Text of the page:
New research on male infertility: Fertile Chip – What does it really entail?

Male factor infertility is -increasingly- being addressed in important studies and scientific publications. And although the most basic test in the study of infertility is the semen analysis, when additional information is needed we can turn to more specific tests such as the sperm DNA Fragmentation analysis, sperm FISH analysis, karyotyping and cystic fibrosis studies.

As regards sperm DNA Fragmentation, up until now this analysis examined the fragmentation of single-stranded DNA in spermatozoids.


What does this mean?

DNA is located in the nucleus of the sperm cell and contains the chromosomes and all genetic information which the male will pass on to his offspring. This genetic information is stored in a compact form in the nucleus, but if it were ‘decompacted’ it would consist of two parallel strands that can connect together. These strands are the instructions for the identity of offspring.

As we mentioned before, up until now single-stranded fragmentation studies were performed and techniques were used to process the samples and eliminate this fragmentation. At present, however, studies are being carried out not only on single-stranded fragmentation, but also on double-stranded fragmentation. It appears as though repairing this fragmentation is not so simple when both strands of DNA are damaged, thus affecting the rate of development of both the embryo and the pregnancy.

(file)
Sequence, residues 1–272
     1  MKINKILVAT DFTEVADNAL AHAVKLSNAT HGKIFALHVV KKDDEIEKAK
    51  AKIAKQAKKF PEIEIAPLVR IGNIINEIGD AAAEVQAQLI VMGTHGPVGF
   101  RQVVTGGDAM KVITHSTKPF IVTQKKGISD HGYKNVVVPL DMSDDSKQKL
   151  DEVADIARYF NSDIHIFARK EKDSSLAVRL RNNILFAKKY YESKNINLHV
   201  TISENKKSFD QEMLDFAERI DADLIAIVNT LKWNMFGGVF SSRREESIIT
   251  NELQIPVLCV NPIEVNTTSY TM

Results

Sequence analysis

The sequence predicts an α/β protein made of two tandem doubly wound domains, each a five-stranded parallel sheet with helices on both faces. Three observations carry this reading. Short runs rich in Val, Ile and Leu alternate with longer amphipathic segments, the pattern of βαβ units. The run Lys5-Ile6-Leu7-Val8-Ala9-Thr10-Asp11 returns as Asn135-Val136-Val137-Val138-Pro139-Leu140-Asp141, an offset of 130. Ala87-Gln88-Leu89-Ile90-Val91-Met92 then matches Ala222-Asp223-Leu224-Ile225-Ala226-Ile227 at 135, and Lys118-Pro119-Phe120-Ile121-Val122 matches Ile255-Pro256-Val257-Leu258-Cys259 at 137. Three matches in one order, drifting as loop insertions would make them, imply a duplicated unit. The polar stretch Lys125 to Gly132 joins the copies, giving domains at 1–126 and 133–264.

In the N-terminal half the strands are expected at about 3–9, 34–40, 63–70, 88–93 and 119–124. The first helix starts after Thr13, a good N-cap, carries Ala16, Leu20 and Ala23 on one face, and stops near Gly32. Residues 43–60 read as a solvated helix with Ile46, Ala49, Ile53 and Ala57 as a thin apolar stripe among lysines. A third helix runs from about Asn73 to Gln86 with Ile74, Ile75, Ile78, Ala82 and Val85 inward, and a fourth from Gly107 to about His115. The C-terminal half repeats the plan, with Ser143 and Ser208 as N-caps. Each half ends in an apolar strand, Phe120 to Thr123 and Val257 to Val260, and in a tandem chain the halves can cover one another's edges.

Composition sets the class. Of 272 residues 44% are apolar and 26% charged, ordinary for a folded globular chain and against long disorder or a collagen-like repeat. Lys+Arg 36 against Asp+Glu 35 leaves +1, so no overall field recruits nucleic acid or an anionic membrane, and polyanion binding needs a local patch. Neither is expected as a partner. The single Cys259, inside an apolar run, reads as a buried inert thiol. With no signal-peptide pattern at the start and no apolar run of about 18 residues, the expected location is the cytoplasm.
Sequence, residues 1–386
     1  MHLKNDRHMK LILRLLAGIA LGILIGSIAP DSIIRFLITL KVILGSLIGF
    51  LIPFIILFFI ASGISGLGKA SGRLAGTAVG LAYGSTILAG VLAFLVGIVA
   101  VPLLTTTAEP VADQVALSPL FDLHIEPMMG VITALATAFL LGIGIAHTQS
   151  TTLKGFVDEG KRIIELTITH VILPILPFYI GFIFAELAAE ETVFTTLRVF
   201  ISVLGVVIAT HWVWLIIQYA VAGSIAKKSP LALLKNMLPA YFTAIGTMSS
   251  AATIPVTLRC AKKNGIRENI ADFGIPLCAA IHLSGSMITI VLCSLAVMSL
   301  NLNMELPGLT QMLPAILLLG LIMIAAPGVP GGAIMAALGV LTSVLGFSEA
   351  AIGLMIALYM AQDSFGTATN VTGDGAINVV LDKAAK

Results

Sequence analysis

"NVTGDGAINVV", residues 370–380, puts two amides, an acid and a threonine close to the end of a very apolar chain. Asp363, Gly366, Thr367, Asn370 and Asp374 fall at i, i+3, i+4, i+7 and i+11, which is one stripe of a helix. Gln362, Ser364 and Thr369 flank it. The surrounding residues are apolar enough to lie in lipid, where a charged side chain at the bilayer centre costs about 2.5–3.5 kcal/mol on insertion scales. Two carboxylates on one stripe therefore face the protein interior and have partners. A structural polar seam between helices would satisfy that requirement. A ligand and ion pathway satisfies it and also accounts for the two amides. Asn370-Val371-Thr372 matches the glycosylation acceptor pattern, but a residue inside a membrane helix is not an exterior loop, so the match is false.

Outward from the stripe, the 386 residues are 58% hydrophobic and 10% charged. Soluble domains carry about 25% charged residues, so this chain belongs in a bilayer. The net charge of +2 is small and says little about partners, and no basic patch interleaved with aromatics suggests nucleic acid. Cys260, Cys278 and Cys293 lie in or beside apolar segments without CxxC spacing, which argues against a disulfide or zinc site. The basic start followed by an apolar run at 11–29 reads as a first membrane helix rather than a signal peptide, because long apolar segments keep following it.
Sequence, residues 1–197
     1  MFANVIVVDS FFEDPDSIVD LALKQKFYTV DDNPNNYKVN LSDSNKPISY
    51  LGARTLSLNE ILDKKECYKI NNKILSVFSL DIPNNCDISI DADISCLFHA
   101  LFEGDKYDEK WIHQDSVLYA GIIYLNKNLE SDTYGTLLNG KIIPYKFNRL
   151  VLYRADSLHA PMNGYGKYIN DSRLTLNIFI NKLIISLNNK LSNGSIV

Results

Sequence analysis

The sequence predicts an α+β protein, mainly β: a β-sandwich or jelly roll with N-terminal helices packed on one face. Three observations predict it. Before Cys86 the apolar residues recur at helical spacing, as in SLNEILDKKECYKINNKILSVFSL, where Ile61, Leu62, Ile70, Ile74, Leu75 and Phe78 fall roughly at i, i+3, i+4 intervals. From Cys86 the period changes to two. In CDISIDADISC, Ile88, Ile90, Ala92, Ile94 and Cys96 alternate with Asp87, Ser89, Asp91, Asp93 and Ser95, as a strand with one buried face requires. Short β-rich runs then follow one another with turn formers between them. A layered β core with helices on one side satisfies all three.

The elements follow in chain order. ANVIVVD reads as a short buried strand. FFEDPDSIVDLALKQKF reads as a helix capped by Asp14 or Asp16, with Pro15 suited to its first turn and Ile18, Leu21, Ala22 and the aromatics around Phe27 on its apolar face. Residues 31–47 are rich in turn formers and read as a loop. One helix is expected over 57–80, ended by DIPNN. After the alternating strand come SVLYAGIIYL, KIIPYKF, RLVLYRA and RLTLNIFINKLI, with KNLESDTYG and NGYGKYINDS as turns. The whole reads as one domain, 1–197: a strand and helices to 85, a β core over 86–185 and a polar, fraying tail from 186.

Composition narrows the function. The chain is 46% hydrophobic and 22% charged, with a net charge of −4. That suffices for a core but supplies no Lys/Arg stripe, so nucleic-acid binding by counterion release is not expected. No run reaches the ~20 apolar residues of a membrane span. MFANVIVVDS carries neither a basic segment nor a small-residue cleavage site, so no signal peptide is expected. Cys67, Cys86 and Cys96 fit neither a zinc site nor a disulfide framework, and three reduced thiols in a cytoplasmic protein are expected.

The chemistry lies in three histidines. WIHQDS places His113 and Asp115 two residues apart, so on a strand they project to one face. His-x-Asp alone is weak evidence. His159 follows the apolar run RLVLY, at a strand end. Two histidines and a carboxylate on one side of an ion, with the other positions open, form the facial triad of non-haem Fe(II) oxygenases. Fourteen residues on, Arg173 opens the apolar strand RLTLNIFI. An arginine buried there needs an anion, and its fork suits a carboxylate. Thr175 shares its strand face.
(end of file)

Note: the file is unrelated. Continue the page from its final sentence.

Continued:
Therefore, advances are being made in techniques for the elimination of sperm with double-stranded fragmentation in samples to be used for ICSI.

Dr. Dermirci of Stanford University has now developed a microfluidic technique known as Fertile Chip. It is a sperm-sorting mechanism based on motility, as the motility of spermatozoids with double-stranded fragmentation is unique. By using microfluidics, this mechanism is able to select those spermatozoids that are positive for fragmentation without altering their DNA.

This technique is currently used at Ginemed and some 10,000 births recorded in the United States, Europe and Turkey have already used this technology.

Paloma Piqueras

Head Embryologist at Ginemed Murcia Assisted Reproduction Laboratory


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